One of the most interesting and talked about trends that has come about in the last few years, especially among aging baby boomers, is something called a “Death Dinner”. As morbid as this may sound, it’s actually a vehicle that people are using to talk about subjects that, in most cases, are avoided like the plague.
Those subjects include the actual fact that, yes, we’re all going to leave this earth at some point but, more importantly, what will happen to the people that we leave behind. More precisely, these Death Dinners revolve around how to best prepare for the inevitable and make sure that the people that we love the most aren’t left with a financial mess when we’re gone. For baby boomers, those of us born between the year 1946 and 1964, it’s a topic that resonates quite soundly as we watch our parents pass away and began to stare our own mortality in the face.
The fact is, nearly 70% of American adults don’t have a “living will”, the legal documentation that details what we’d like to have done should we become completely incapacitated or suddenly pass away. As for Americans 65 and older, over 30% don’t have a Last Will & Testament that details what should happen to their money and other assets once they’re gone. The problem with this of course is that, if someone dies “intestate” or without a will, the family they leave behind can be thrown into a quandary as to who gets what, how much and when.
The sad fact is that humans tend to be very emotional when it comes to money and, in many cases, quite greedy. The problems that can start when a parent passes away can absolutely tear a family apart, something that most parents would be horrified to see if they were still around.
And so, in order to avoid this sad state of affairs, baby boomers around the country are getting together for dinner and talking about subjects that, admittedly, cause most people to not want to talk at all. And that’s really the point; when a person passes away they basically lose complete control over anything and everything they’ve ever had. Talking about how things could and should be done once they’re gone before they’re gone is the only way to have any semblance of control and make sure that what happens afterwards is in everybody’s best benefit.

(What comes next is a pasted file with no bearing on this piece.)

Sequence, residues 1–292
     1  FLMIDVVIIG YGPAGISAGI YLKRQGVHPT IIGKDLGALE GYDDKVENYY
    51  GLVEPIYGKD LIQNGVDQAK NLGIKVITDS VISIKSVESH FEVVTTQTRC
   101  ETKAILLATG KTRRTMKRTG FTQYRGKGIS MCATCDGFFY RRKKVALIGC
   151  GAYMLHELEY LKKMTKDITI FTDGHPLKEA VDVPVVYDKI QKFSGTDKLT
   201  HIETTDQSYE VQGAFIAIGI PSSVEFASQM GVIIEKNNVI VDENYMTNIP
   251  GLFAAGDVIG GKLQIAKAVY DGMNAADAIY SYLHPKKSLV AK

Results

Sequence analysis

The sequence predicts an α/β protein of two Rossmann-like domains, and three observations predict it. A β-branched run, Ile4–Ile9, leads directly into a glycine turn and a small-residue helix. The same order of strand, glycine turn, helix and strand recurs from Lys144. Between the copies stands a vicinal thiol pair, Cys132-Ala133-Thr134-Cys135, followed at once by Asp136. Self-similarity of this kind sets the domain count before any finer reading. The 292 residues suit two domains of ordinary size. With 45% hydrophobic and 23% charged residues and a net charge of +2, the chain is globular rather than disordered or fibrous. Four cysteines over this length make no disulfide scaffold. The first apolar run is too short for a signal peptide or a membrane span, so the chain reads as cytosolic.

Nan Schwartz decided to have her own Death Dinner and invited 16 of her closest friends and relatives to attend, including her seven-year-old granddaughter and her 73-year-old mother. They shared pizza and salad as well as their views on what they’d like to happen when their lives did finally come to an end. To lighten the mood Nan passed out fake mustaches for everybody to wear. Nan, who actually works in hospice care and sees people die on a regular basis, realized that the topic of death was still a big taboo around her home and her family and was keen on broaching the subject rather than staying mum.
One factor that has greatly changed in the last hundred years is that people are no longer dying at home with their families but in big, sterile and cold hospitals, usually after weeks or months of medical intervention to actually keep death at bay. 100 years ago life expectancies were much shorter, as well as the infant mortality rate, and the average person actually died at home with their family rather than in a lonely hospital bed surrounded by medical doctors and nurses who they barely knew. In some ways it was a much easier, and more natural, way to go.
In any case, one of the main reasons that people are getting together to talk about death, besides what they want to happen medically, is simply what will happen to their finances. They want to make sure that, once they’re gone, any money and assets that they might have are given to the people or organizations that they deem fit and that their families don’t end up squabbling for years over them.
It might be a little bit morbid and, for many people, a little bit upsetting but, in most cases, it actually makes a lot of sense to get together with family and loved ones and talk about death before you die. The simple and completely undeniable fact is that, once you’re gone, there’s absolutely no way that you’ll be able to come back and change anything.